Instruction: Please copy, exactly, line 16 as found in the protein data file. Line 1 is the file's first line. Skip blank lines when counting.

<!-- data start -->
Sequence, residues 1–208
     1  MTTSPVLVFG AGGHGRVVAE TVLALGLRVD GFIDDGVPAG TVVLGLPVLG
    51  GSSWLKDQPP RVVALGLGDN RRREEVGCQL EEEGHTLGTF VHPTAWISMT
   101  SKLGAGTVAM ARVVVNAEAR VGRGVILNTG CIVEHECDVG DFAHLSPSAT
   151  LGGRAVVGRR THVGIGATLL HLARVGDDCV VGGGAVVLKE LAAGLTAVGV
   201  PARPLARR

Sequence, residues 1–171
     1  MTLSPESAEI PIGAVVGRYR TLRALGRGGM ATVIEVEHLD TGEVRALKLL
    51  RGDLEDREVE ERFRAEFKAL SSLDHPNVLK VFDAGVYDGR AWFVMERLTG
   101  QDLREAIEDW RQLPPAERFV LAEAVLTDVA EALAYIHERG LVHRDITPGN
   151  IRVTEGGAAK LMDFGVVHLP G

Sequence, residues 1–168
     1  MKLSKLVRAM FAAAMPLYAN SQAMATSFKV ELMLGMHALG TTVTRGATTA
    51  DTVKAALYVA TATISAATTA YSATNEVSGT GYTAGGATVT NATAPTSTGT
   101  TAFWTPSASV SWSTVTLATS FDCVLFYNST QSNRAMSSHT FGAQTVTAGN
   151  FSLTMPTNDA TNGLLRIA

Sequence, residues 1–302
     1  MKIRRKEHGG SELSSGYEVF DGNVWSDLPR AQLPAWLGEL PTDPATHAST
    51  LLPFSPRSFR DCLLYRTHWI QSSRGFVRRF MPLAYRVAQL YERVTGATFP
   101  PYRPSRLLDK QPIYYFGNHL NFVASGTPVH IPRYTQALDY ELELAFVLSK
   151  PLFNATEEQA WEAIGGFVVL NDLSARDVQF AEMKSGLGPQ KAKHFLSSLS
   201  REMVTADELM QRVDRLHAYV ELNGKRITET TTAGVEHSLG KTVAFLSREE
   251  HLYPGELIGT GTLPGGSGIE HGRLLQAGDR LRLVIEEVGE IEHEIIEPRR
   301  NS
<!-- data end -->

   151  FSLTMPTNDA TNGLLRIA